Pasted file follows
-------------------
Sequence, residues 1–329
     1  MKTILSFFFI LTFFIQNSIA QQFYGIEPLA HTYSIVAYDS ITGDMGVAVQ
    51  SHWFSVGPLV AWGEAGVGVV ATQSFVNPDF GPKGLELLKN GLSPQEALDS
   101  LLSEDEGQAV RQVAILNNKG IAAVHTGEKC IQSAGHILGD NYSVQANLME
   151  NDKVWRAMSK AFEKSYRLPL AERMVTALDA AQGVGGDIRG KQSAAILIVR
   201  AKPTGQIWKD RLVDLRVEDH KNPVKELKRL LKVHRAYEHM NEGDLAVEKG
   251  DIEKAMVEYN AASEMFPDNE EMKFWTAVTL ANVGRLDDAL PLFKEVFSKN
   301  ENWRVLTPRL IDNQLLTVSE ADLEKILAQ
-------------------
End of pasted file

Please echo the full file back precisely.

Sequence, residues 1–329
     1  MKTILSFFFI LTFFIQNSIA QQFYGIEPLA HTYSIVAYDS ITGDMGVAVQ
    51  SHWFSVGPLV AWGEAGVGVV ATQSFVNPDF GPKGLELLKN GLSPQEALDS
   101  LLSEDEGQAV RQVAILNNKG IAAVHTGEKC IQSAGHILGD NYSVQANLME
   151  NDKVWRAMSK AFEKSYRLPL AERMVTALDA AQGVGGDIRG KQSAAILIVR
   201  AKPTGQIWKD RLVDLRVEDH KNPVKELKRL LKVHRAYEHM NEGDLAVEKG
   251  DIEKAMVEYN AASEMFPDNE EMKFWTAVTL ANVGRLDDAL PLFKEVFSKN
   301  ENWRVLTPRL IDNQLLTVSE ADLEKILAQ